Builders of Wooden Railway Cars ... and some of other stuff

Wason Mfg. Co. - Page 2

In the mid-1860s Wason began to offer cars of very advanced design.  Between 1862 and 1882, Wason built more than 240 coaches (passenger, baggage, mail, and express cars) for the Central Railroad of New Jersey, the total value of which was more than $1.5 million.
{457} This would have been the equivalent of almost $18 million today!

Wason Advertisement from 1879 Car-Builders Dictionary
(1879 edition, Car-Builders Dictionary)

About 1867, Wason purchased the extensive property of the failed Springfield Car & Engine Company, or at least whatever was left of it. This covered nearly four acres near the passenger depot at Springfield, and included —

A two-story brick building 70' x 270' 1st floor:  offices, engine-room , machine shop, passenger and freight car-body and truck-building departments
2nd floor: cabinet room where the seats, sash, doors, blinds and inside work of passenger and streetcars are made, and the streetcar-building department
Blacksmith shop Brick, 44' x 180' with 30 fires
Planing mill Brick, 44' x 70'
Dry-house Brick
Paint-shops 3, large wooden, on 2nd floor of one is upholstery dept.
Capacity: 10 passenger cars, 16 freight cars, and 6 streetcars
Foundry adjoins car works in building 70' x 112; “still owned separate and apart from the car works”

About 300 men were employed in these works, with a monthly payroll of $10-12,000. They were estimated to consumed 1,000 tons of cast iron, 450 tons of bar-iron, 30,000 pounds of brass and composition castings, 450 tons of coal, and a million feet of lumber annually, doing business valued at more than $500,000 per year.

The foundry, described above as “still owned separate and apart from the car works” had been purchased in 1851 by Thomas Wason, S.W. Ladd and G.W. Lawrence, under the name of Wason, Ladd & Company, to manufacture car wheels and other railway castings, both for the Wason works and for other railroad companies. {402}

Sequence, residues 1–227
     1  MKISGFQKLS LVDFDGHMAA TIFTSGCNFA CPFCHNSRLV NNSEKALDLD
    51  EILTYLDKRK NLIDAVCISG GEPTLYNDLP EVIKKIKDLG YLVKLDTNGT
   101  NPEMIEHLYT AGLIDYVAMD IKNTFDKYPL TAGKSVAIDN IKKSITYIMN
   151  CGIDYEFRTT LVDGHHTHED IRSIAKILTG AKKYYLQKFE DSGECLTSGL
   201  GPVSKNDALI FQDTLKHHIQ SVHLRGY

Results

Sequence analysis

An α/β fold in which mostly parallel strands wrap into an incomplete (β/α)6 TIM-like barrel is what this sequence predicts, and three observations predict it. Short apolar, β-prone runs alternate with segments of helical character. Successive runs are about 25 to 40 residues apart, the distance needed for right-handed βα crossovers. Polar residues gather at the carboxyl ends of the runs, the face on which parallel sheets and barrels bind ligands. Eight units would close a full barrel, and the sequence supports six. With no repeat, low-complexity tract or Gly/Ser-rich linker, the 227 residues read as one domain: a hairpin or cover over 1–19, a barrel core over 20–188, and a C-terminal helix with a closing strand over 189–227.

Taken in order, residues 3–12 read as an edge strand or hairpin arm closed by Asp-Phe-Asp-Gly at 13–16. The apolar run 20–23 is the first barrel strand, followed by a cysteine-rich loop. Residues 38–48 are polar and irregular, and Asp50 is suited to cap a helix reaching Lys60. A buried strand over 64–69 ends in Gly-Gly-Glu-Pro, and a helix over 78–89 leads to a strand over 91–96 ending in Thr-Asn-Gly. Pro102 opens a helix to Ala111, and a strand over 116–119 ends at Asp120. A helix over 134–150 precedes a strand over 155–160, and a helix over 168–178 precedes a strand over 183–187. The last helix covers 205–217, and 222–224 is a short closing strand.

In 1868 the Boston & Maine Railroad introduced two compartment-style drawing-room cars built by Wason. These were 45' long and divided into six staterooms, each with accommodations for seven. They were outfitted in lavish style with walnut and cedar paneling and had hot water heating.

In 1869, Wason built 75 passenger cars for the Central Pacific Railroad, and 2,600 freight cars, the total amounting to $1.7 million {457} (equivalent to something over $20 million today). When the news of the completion of the transcontinental railroad was received in Springfield, the workmen of the Wason factory paraded through the streets carrying the tools of their trade and numerous banners, at least one of which said, “Our cars unite the Atlantic and Pacific.” {458}

One of these cars is preserved at the 1897 Railtown State Park in Jamestown, California. According to information received from a gentleman documenting it, it was #43 of the Wason order and arrived in August of 1869. The 1st two of its sister cars were delivered to Governor Stanford at Promontory when the transcontinental railroad was completed and returned to Sacramento with him. Wason cars truly were the 1st to make the transcontinental trip!

As the advertisement below shows, Wason railroad cars were used all over the world, with exports making up over half of Wasons business. Its posh private cars were bought by wealthy industrialists, political leaders, and nobility.

By the time of Thomas Wason’s death in 1870, the Wason Manufacturing Company had become a major car builder, and Springfield’s largest industry. The original works on Lyman Street that were not large enough to completely house a single car had grown to a large brick manufactory. {457}